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Coronavirus
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Purchased products will be distributed to food banks as well as faith-based organizations providing food to the needy.

New USDA COVID-19 food assistance program

Due to COVID-19, the USDA announced the Coronavirus Food Assistance Program (CFAP) providing relief for farmers and ranchers while also helping food banks.

In response to economic difficulties due to COVID-19, the USDA announced the Coronavirus Food Assistance Program on April 17.

The $19 billion Coronavirus Food Assistance Program (CFAP) is geared to provide farmers and ranchers financial relief during the COVID-19 pandemic while also helping local food banks. The USDA Purchase and Distribution Program is partnered with CFAP to help link producers and distributors to nonprofit organizations such as food banks.

The overarching goal of the programs is to support farmers and feed people.

"This program (CFAP) is intended to provide funds to boost food programs and to support farmers who are experiencing extreme economic difficulties due to the economic slowdown," said David Swanson, a partner at the international law firm, Dorsey & Whitney, in the Food, Beverage, and Agribusiness Group that specializes in cooperative law.

"The USDA program includes cash payments to support dairy producers, row crop growers, and livestock producers," he said. "It also establishes a short-term commodities purchase program to enhance market demand for meat, dairy and produce.

"The cash payment program will be implemented by a 'direct to final' rule expected to be released in late May or early June. It is important for agriculture co-ops and trade associations to communicate with the USDA as these rules are developed to ensure the rules do not inadvertently include provisions that inhibit or block ag producers from obtaining the benefits of this program."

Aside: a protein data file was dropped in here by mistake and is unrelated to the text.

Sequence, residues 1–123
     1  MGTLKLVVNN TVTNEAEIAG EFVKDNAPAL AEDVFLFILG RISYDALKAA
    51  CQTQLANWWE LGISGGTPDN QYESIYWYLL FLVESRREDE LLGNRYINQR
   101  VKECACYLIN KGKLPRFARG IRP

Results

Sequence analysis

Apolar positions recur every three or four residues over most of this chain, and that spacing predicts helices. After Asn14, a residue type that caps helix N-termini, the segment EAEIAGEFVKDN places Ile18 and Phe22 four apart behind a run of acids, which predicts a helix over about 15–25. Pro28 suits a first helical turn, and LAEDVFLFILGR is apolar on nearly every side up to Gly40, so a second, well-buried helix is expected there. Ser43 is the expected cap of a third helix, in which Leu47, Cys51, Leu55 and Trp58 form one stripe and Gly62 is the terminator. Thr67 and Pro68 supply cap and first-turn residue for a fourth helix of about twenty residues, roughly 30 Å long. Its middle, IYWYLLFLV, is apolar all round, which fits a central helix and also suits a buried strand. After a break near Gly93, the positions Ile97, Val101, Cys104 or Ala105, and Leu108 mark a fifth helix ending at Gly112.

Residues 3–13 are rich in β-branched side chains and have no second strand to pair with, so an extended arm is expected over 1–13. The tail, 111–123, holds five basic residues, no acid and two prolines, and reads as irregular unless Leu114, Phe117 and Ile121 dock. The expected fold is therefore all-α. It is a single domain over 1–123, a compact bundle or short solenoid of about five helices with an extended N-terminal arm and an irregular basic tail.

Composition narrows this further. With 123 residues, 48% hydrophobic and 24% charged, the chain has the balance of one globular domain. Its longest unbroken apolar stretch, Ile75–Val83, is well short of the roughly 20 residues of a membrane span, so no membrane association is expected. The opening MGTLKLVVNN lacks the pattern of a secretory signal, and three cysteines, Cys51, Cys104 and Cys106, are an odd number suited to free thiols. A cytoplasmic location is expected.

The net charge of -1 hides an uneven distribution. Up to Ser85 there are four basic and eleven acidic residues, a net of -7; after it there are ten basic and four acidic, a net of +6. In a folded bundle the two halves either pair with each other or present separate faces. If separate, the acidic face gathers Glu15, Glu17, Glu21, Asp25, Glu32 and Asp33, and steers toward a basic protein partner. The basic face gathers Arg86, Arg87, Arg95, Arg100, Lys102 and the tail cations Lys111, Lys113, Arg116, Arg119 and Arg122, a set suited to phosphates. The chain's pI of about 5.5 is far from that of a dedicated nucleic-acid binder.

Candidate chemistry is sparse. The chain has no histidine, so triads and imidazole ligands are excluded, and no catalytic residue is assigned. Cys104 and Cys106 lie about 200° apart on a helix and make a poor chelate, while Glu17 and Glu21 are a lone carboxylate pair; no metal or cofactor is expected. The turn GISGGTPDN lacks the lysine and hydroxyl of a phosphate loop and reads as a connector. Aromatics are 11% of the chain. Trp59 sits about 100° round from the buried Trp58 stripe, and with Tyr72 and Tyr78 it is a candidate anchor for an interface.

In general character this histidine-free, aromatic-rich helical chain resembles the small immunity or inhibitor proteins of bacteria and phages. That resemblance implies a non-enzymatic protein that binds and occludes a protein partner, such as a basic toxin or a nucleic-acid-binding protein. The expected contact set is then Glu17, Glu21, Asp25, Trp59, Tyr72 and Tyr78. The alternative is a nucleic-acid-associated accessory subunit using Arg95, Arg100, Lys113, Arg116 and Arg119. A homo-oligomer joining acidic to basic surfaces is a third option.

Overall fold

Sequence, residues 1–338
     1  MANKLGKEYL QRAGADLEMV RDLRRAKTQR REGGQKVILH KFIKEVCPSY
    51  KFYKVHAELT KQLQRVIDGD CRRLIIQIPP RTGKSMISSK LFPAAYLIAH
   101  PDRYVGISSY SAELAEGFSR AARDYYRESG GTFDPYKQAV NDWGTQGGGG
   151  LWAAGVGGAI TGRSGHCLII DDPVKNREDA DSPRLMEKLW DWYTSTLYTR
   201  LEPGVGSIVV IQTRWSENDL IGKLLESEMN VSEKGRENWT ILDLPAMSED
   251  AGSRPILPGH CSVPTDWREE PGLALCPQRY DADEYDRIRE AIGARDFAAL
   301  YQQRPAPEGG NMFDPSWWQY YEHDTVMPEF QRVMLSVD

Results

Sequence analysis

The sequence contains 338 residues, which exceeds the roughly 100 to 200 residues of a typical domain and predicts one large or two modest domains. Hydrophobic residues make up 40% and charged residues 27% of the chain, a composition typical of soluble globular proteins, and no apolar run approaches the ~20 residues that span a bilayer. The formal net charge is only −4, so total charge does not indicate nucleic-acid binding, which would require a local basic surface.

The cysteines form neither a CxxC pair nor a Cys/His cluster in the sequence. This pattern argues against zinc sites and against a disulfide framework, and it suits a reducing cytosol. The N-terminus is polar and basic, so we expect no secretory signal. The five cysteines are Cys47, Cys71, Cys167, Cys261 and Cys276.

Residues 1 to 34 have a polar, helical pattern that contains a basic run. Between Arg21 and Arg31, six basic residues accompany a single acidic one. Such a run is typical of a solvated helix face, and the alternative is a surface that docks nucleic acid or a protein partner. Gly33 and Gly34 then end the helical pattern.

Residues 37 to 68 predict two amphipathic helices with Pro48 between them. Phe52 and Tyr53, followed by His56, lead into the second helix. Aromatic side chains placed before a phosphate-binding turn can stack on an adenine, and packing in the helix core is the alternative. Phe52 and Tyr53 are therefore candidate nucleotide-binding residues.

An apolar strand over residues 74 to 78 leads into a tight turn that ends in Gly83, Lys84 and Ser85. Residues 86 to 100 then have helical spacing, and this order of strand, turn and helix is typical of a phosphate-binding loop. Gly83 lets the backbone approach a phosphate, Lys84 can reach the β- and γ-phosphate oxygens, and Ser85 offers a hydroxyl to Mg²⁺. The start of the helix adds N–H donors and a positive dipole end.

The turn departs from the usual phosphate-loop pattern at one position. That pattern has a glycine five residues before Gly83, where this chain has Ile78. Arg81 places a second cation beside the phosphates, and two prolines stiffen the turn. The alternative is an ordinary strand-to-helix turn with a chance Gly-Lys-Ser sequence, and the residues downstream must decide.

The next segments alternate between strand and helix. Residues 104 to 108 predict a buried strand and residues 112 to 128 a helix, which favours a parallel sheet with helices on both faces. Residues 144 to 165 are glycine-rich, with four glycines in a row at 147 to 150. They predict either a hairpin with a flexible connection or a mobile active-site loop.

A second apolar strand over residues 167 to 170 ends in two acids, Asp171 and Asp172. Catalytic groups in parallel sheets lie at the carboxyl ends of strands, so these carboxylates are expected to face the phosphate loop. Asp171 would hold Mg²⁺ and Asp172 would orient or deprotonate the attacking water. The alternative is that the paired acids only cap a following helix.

While this program is not limited to dairy producers, a good example is those in the dairy industry who are facing extremely difficult markets.

"The closure of restaurants and other foodservice systems, such as school lunch programs, has caused huge reductions in demand for milk and dairy products," Swanson said. "Some observers have reported that closed restaurants and foodservice has caused as much as a 30% drop in demand for milk and related dairy products, and up to a 50% drop in demand for butter. Dairy producers depend on a steady demand for milk. Milk production cannot be temporarily reduced, and milk cannot be stored for extended periods. Some producers have been dumping milk."

Of the $19 billion, $16 billion goes to direct payment of farmers and ranchers while $3 billion goes to the purchase of agriculture products, such as meat, dairy and produce. Purchased products will be distributed to food banks as well as faith-based organizations providing food to the needy.

Assistance to farmers and ranchers is determined by unprecedented losses due to prices and market supply chains having been affected by the COVID-19 pandemic.

For more information, visit https://bit.ly/food-assistance-program.

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